Skip to main content

Judging the quality of evidence in reviews of prognostic factor research: adapting the GRADE framework



Prognosis research aims to identify factors associated with the course of health conditions. It is often challenging to judge the overall quality of research evidence in systematic reviews about prognosis due to the nature of the primary studies. Standards aimed at improving the quality of primary studies on the prognosis of health conditions have been created, but these standards are often not adequately followed causing confusion about how to judge the evidence.


This article presents a proposed adaptation of Grading of Recommendations Assessment, Development and Evaluation (GRADE), which was developed to rate the quality of evidence in intervention research, to judge the quality of prognostic evidence.


We propose modifications to the GRADE framework for use in prognosis research along with illustrative examples from an ongoing systematic review in the pediatric pain literature. We propose six factors that can decrease the quality of evidence (phase of investigation, study limitations, inconsistency, indirectness, imprecision, publication bias) and two factors that can increase it (moderate or large effect size, exposure-response gradient).


We describe criteria for evaluating the potential impact of each of these factors on the quality of evidence when conducting a review including a narrative synthesis or a meta-analysis. These recommendations require further investigation and testing.

Peer Review reports


Prognosis research examines the progression of a health condition over time in order to identify risk and protective factors that can alter the likelihood of a future event during the course of such a condition [1]. The evidence about the progression of a health condition derived from prognosis research is crucial to make informed decisions about the process to identify individuals who are at risk for poor outcomes, to facilitate early intervention and guide the development of preventive interventions that target modifiable prognostic factors [2]. Synthesizing results from prognosis research for these potential uses is, however, often challenging as primary study results are often inconsistent and difficult to interpret [3]. Individual study differences may be due to, for example, small sample sizes, adjustments for different variables in the analyses, or consideration of different subsets within the same population [47]. Standards have been proposed to guide the design, procedures, analysis and reporting of this research in an attempt to minimize the variability and improve the quality of the primary studies [47]. However, these standards are often not followed causing confusion about the prognostic value of individual factors [8] and limiting research application [9]. Due to the important implications of this research for improving health outcomes, providing guidelines about how to judge the evidence of this widely varied research is necessary. This manuscript presents a system that can help reviewers judge the evidence derived from prognostic factor research [10]. We suggest that Grading of Recommendations Assessment, Development and Evaluation (GRADE) [11] can be adapted for the assessment of evidence derived from prognostic factor research.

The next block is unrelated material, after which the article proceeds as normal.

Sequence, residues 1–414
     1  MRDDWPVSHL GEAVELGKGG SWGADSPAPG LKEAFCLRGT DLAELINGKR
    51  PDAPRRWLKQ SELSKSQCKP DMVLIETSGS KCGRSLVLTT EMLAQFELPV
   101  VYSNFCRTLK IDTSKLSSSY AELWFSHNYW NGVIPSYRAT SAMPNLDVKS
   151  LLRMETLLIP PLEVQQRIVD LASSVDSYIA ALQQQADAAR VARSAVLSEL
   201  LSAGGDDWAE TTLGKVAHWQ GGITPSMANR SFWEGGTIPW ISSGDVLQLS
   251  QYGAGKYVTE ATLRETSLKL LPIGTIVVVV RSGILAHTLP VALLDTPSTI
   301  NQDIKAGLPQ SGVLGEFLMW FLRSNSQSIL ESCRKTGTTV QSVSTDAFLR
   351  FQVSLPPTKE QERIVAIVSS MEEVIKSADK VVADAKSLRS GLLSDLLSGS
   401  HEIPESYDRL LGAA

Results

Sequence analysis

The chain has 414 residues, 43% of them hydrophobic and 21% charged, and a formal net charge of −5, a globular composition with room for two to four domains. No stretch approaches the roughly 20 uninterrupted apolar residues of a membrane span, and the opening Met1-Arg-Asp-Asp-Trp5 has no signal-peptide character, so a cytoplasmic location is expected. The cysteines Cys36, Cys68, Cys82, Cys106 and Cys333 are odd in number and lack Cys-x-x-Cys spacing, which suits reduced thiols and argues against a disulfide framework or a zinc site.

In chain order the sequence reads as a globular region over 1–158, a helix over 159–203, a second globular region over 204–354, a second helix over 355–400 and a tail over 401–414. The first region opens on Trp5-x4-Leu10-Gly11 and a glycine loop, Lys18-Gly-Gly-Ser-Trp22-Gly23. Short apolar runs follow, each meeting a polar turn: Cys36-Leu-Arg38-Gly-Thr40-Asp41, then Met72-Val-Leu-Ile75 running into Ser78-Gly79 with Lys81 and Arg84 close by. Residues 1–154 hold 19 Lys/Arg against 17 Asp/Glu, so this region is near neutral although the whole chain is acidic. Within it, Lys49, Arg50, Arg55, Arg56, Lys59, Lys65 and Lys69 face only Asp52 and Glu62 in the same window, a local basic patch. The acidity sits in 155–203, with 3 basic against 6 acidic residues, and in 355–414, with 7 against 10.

GRADE: a framework to guide the judgment about the quality of evidence in a systematic review

GRADE was first developed to provide methodological guidance in reviewing intervention research; specifically, how to rate the quality associated with estimated effects of an intervention on a specific outcome, and how to grade the strength of recommendations regarding the intervention as part of a guideline development process [12]. When making judgments about the quality of evidence, the GRADE approach considers five factors that can decrease our confidence in estimates of effects: (1) study design and limitations in study design, (2) inconsistency of results across studies, (3) indirectness of the evidence, (4) imprecision and (5) publication bias; and three factors that can increase our confidence in estimates of effects from observational studies: (1) large estimates of treatment, (2) a dose–response gradient and (3) plausible confounding that would increase confidence in an estimate. The GRADE framework, widely used by researchers working on reviews and guidelines, and groups providing recommendations for health care professionals such as NICE [13], has also been formally adapted for use in grading the quality of evidence and strength of recommendation for diagnostic research [14]. Recently, Goldsmith and colleagues have also proposed using GRADE as a framework for prognostic studies [15]. They used the framework and definitions of GRADE to rate the quality of evidence for prognostic studies evaluating cold hyperalgesia as a prognostic factor in whiplash-associated disorders. They described the general framework that was followed; however, they failed to address all of GRADE's factors or provide enough information to allow replication of their GRADEing process for prognostic studies. The following sections outline specific aspects of the modified GRADE framework (for example, how risk of bias in primary prognosis studies were assessed), the process used to modify the GRADE framework, and suggestions for how to apply the new adapted framework to systematic reviews where meta-analyses are lacking.